Unfortunately, sound is usually out of your control at work. Your best bet is to try a few different combinations of sounds — total silence with noise canceling headphones, ambient background sound, and music — and take note of whatever helps you reach your flow state. Here are some great resources to get started:
- Coffitivity for ambient cafe sounds
- Brain.fm for music to improve focus, meditation, and sleep
- Binaural beats to induce specific brain states (Try the Binaural Beats by Bulletproof playlist on Spotify)
Find a way to experience the beauty of the world around you during your day. It’s a no-brainer that spending time in nature has a positive effect on health and mood, but if you’re a skeptic, there are a lot of studies that prove it.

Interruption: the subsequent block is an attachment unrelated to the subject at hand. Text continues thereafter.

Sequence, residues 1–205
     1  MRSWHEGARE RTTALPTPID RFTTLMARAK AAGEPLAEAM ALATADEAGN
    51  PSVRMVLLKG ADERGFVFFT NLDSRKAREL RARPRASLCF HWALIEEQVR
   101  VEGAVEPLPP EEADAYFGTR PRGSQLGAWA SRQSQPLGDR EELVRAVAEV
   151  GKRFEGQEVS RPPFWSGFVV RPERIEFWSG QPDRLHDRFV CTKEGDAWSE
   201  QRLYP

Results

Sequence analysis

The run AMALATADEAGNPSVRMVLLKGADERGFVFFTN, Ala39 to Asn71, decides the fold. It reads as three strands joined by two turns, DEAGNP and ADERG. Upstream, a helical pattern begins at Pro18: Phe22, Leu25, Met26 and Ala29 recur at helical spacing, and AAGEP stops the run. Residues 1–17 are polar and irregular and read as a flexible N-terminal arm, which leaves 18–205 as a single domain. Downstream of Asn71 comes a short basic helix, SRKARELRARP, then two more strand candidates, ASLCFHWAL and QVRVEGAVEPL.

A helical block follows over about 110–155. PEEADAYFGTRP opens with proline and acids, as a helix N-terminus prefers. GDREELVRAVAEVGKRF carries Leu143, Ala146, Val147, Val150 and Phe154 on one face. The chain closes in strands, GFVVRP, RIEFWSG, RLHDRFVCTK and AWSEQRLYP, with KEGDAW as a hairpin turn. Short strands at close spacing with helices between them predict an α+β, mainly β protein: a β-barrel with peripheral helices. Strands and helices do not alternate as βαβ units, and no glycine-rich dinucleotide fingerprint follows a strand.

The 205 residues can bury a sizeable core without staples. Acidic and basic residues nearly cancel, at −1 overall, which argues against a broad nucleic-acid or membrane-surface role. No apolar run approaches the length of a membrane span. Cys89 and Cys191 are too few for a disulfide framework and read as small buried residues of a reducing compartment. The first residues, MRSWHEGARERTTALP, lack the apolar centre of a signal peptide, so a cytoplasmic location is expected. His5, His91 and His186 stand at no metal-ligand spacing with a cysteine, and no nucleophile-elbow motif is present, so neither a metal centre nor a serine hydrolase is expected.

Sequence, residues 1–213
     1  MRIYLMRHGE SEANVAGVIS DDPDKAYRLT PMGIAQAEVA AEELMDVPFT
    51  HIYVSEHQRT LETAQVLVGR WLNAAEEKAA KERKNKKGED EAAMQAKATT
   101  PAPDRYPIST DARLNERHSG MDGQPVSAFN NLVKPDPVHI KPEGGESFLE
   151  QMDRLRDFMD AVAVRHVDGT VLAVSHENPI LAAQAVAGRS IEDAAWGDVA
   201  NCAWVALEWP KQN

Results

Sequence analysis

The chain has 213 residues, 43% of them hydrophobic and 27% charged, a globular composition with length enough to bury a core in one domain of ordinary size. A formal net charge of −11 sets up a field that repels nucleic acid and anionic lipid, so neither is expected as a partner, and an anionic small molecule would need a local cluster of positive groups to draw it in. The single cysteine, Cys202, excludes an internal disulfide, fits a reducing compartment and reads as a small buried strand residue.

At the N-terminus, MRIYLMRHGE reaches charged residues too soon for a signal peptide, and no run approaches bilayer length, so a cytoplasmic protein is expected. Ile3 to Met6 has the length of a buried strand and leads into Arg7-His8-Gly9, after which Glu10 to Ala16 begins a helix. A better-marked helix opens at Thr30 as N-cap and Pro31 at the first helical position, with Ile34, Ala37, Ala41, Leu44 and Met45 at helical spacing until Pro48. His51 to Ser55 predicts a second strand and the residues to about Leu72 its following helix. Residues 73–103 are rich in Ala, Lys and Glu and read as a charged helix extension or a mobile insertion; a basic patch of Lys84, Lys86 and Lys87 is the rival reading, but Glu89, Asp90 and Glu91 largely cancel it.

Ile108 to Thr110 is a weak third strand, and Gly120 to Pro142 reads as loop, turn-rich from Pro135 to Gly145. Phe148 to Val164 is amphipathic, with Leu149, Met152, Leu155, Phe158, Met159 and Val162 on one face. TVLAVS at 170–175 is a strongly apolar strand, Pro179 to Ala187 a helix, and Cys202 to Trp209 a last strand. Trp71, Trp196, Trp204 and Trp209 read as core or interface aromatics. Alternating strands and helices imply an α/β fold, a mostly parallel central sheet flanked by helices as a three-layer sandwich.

Getting out in or near nature, even just for a few minutes, can help you clear your mind and open up some space for inspiration — you might find that new solutions to overcome a challenge or fresh insight comes to you once you’ve taken that time to be still.
I’m grateful to live in a rural area (Vancouver Island, Canada) where it’s possible to have a view of the ocean, forest, and an island right out my home office, even though I’m close to an airport. Even in an urban environment, there’s usually some way to connect with nature — trees, flowers, plants, or some type of water, whether it’s a nearby river or just a fountain.
Taking time to relax, empty your mind, and appreciate what’s right in front of you is also part of being Bulletproof.
Go to sleep
It’s the end of the workday. You’ve tackled your to-do list, you’ve eaten high-fat, low-carb foods that made you feel great, and you’re ready to relax at home before you clock in the next day.